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First ESC recommendations for arrhythmias and CKD published

The first European Society of Cardiology (ESC) recommendations for patients with cardiac arrhythmias and chronic kidney disease (CKD) were presented recently at the EHRA Europace Cardiostim 2015 meeting, and published in EP Europace.1

The paper was written by an international group of cardiologists specialised in arrhythmia management and nephrologists. It outlines:

  • How to stage and monitor CKD
  • The association between CKD and hypertension, heart failure and atrial fibrillation
  • How CKD affects management of patients with arrhythmias or cardiac devices
  • Risk of stroke and bleeding in patients with atrial fibrillation and CKD
  • How arrhythmias and cardiac devices affect management of CKD.

The authors’ recommendations include using estimated glomerular filtration rate (eGFR) as a more reliable method for classifying the severity of CKD than serum creatinine. Kidney function should be measured and monitored in all patients with a cardiac disease or rhythm disturbance, such as atrial fibrillation or sustained ventricular tachyarrhythmias, to detect CKD.

Professor Giuseppe Boriani, chair of the writing group, said: “CKD occurs in more than 10% of adults and has a major impact on treatment decisions in patients with arrhythmias. Choice of antiarrhythmic strategy, drugs and specifically anticoagulants, and whether or not to implant a cardiac device should take impairment in renal function into account.”

“There is increasing awareness in the cardiology community that renal impairment influences how we treat patients with arrhythmias,” added Professor Boriani. “The introduction of non-vitamin K oral anticoagulants (also called new oral anticoagulants or NOACs) as an alternative to warfarin brought this issue to the fore since renal function determines whether or not they can be prescribed. The ESC decided it was a good time to introduce recommendations.”

Professor Phil Kalra (Salford Royal NHS Foundation Trust)

Professor Phil Kalra (Salford Royal NHS Foundation Trust)

Doctors are urged to choose medication dosages according to the extent to which a drug is eliminated through the kidney. When renal function is markedly reduced some drugs, including NOACs, may be contraindicated.

Thromboprophylaxis in patients with atrial fibrillation and end-stage CKD is a controversial issue and the authors recommend when to use NOACs or warfarin. Professor Boriani said: “Patients with atrial fibrillation and CKD have a greater risk of both thromboembolism and major bleeding which makes decision making particularly challenging in this setting.”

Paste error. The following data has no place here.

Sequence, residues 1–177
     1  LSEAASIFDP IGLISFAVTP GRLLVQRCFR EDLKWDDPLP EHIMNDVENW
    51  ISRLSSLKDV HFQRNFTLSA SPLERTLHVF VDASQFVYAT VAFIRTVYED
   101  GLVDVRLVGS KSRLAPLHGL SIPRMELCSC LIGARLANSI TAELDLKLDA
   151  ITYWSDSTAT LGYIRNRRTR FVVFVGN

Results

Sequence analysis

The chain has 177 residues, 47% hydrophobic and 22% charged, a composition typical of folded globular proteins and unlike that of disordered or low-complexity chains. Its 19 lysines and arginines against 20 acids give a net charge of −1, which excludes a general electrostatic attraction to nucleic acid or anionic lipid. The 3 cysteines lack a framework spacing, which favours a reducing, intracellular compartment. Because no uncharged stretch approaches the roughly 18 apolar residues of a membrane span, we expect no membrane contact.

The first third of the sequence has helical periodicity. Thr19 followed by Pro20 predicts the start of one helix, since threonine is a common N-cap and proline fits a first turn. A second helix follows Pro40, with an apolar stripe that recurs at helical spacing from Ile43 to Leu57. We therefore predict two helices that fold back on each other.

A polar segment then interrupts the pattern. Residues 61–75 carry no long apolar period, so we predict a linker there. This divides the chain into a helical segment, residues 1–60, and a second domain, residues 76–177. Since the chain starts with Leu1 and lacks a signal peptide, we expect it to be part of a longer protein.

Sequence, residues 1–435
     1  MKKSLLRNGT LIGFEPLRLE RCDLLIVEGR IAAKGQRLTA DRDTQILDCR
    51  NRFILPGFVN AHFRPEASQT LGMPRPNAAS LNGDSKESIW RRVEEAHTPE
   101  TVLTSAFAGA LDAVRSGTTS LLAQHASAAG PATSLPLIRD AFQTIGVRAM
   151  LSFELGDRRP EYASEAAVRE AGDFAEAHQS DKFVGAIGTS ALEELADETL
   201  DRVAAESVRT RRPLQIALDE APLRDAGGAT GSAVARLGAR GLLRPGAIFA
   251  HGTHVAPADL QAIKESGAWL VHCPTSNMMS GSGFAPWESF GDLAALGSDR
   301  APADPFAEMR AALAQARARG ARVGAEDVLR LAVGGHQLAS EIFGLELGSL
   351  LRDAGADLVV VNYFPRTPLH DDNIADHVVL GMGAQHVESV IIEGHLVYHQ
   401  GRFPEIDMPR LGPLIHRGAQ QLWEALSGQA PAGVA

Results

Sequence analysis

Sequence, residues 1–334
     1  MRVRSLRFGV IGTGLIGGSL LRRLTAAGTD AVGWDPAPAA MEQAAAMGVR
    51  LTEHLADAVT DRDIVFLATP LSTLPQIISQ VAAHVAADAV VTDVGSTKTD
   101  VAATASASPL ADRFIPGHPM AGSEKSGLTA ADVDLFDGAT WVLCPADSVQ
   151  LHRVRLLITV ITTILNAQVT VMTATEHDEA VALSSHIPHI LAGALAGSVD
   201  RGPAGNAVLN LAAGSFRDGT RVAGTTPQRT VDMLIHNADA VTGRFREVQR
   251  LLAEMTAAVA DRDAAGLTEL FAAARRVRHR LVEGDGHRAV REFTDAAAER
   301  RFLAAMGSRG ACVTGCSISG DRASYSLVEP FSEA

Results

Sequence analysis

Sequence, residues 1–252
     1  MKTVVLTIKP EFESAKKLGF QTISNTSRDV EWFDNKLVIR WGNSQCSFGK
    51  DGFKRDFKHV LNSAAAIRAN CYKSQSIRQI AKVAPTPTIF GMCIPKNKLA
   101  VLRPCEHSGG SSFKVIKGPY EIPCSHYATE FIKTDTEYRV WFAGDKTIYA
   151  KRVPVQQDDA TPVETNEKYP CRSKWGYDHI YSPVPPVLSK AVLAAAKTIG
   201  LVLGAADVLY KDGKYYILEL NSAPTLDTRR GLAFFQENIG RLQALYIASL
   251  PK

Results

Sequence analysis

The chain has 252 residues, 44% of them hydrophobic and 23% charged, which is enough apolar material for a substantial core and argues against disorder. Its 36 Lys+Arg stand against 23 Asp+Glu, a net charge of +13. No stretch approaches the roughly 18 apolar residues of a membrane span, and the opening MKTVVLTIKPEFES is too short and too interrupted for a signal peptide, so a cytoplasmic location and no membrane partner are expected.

“Increasing specialisation in internal medicine is a positive evolution overall but there is a need for more communication between cardiologists and nephrologists to improve the care of very complex patients…The association between kidney disease and cardiovascular disease is growing as the population ages, leading to higher costs and a greater imperative to manage patients together,” Professor Boriani concluded.

Speaking to BJC Arrhythmia Watch on the paper’s key points, Consultant Nephrologist Professor Phil Kalra (Salford Royal NHS Foundation Trust) said: “Cardiac arrhythmias are a huge problem for patients with CKD, especially those receiving dialysis therapies. Sustained atrial fibrillation develops in 5–10%, whereas paroxysmal episodes are frequent, and often go unnoticed and certainly untreated. Guidelines for management have been required for some time, especially as the risk: benefit balance of anticoagulation in advanced CKD is distorted by a higher gastrointestinal and central nervous system bleeding risk than in other patient groups.”

“Sudden cardiac death is thought to lead to around 3% of all dialysis deaths each year; many of these are due to serious tachy- or bradyarrhythmia. Although much more research is required to understand which patients are at greatest risk, and to determine whether targeted device therapy will lengthen lives, the current outline guidelines at least provide a framework for further organised investigation,” Professor Kalra added.

References

1. Boriani G, Savelieva I, Dan GA, et al. Chronic kidney disease in patients with cardiac rhythm disturbances or implantable electrical devices: clinical significance and implications for decision making-a position paper of the European Heart Rhythm Association endorsed by the Heart Rhythm Society and the Asia Pacific Heart Rhythm Society. Europace 2015. http://dx.doi.org/10.1093/europace/euv202

Published on: July 30, 2015

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  • Anticoagulation Europe
  • Atrial Fibrillation Association
 

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